(Posted Dec. 20, 2018)
By Kristy Zurbrick, Madison Editor
The preschool programs at Jonathan Alder Schools are seeing stars.
Last year, the Ohio Department of Job and Family Services tapped the district to take part in Step Up To Quality, a rating system for all preschools and daycares that receive public funding.
The system assesses everything from staff qualifications and curriculum to student, family and community engagement.
“We applied for five stars and embarked on a year-long process. We found out last week that both of our pre-K programs earned five stars,” reported Jennifer Korn, director of student services, at the Dec. 10 school board meeting.
Jonathan Alder offers preschool at Monroe Elementary and Plain City Elementary. Each serves an average of 25 students per day.
The top rating will have a positive impact on the funding the programs receive from the state. Exact dollar figures are not yet available, Korn said.
Bus driver shortage
Jonathan Alder is short on bus drivers.
“We have no substitute drivers,” Superintendent Gary Chapman said, adding that one of the district’s full-time drivers is out with a broken elbow.
Advertisements for drivers have generated little response, he said. The first posting was for four hours a day with benefits at a starting rate of $18.73 per hour. The second was a combined position, offering four hours a day for bus driving and four hours a day for custodial work, also with benefits.
The school board suggested that Chapman look for additional ways to get the word out.
“This is a common problem for districts across the state,” Chapman said of the driver shortage.
Mental health awareness
Two upcoming events will promote mental health awareness among students, staff and parents.
For the second straight year, the Clark, Greene and Madison Counties chapter of the National Alliance on Mental Illness (NAMI) will present mental health information and resources at a local boys’ basketball game. This year’s event will take place during Jonathan Alder’s away game against London on Jan. 11.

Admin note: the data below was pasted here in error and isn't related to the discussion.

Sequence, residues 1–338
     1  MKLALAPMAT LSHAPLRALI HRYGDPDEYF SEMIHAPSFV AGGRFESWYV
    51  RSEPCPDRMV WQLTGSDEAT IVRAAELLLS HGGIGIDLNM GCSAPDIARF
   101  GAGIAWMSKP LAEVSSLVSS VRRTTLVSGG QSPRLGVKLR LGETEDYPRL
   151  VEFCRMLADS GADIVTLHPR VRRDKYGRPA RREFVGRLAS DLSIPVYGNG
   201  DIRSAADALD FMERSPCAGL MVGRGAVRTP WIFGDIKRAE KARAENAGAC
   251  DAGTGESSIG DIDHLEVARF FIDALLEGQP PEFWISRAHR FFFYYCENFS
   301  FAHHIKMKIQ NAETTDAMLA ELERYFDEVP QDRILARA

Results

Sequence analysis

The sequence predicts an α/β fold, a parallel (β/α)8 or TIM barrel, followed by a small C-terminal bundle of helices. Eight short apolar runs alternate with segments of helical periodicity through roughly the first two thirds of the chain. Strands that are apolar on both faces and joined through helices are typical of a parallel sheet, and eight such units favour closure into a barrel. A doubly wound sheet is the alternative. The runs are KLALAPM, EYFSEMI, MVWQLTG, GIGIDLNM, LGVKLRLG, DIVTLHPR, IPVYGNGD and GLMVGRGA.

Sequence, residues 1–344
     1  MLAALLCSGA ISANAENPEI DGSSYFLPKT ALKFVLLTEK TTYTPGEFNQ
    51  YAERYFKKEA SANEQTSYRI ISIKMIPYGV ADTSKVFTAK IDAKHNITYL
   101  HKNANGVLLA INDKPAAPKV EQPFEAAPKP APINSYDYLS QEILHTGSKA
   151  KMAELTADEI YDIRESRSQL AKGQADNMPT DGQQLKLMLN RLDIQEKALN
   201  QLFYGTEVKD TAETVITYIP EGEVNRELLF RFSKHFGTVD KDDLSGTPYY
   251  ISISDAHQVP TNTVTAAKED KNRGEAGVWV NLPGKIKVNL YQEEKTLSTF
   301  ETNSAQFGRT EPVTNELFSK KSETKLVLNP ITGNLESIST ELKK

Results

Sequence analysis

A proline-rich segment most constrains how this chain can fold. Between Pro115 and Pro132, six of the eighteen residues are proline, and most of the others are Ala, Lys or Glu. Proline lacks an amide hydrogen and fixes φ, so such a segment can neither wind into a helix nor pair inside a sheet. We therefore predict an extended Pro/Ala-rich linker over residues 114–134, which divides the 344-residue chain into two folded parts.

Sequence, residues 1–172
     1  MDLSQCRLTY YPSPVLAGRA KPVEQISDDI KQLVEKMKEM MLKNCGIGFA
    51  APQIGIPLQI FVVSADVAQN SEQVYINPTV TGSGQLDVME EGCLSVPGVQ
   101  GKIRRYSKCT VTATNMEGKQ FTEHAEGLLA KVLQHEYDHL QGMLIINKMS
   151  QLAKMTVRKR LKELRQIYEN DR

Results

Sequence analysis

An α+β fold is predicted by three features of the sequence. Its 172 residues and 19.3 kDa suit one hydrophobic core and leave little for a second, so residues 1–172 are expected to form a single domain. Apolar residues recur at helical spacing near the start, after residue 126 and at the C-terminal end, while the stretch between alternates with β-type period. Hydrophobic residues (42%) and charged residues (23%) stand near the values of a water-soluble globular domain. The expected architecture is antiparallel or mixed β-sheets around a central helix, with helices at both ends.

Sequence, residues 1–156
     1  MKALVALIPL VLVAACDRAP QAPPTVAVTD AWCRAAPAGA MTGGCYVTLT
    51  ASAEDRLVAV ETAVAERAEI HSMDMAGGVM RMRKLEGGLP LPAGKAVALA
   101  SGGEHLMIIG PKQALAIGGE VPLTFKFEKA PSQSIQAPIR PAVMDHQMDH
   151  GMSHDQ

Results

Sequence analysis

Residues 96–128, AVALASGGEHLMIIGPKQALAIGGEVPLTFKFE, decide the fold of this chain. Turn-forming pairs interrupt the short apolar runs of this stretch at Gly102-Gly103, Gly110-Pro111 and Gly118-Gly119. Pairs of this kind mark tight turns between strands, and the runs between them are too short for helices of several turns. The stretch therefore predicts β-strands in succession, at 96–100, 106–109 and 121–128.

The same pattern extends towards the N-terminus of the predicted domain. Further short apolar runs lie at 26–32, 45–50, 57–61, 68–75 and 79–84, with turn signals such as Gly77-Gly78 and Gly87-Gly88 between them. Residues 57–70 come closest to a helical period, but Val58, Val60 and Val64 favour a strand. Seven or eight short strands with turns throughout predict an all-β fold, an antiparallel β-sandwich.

Also, the New Albany Community Foundation has invited Jonathan Alder High School students and staff to participate in a lecture and discussion led by Glenn Close, an award-winning actress and mental health advocate.
The lecture will take place on Jan. 15 at the Jeanne B. McCoy Community Center of the Arts in New Albany. Jonathan Alder can send up to 100 students and staff, free of charge.
Close will talk about the stigma and discrimination associated with mental illness. In 2010, she co-founded Bring Change To Mind, a non-profit organization with a mission to encourage dialogue and raise awareness and empathy about mental health.
Students and staff who attend the lecture will receive copies of “Resilience: Two Sisters and a Story of Mental Illness,” written by Jessie Close in collaboration with Pete Early and Glenn Close.
Canaan Middle School’s fifth- and sixth-graders are exploring career options through the school’s first ever Career Connections class, a program taught in partnership with Tolles Career and Technical Center.
Students Jason Dietry, Hailey Neely, Samantha Pauly and Jesus Ventura were selected to tell the board about the class. They talked about the impact of technology on career options and the importance of soft skills, like time management, work ethic and communication. Students are taking interest surveys that tell them the types of classes and skills they need for certain jobs and the salaries that come with those jobs.
The class also includes a community service component, emphasizing the merit of giving back to the community. Students have participated in projects to benefit the Humane Society of Madison County, hospitalized children, and military veterans.
Teacher Virginia Turner said that few other career classes exist in Ohio at the fifth- and sixth-grade level. She has taught such classes for older students and said creating a curriculum for younger students has been an interesting challenge.
“It’s a learning experience for me, as well as them,” she said.
Turner added that she is amazed at how many of her young students already know what careers they want to pursue.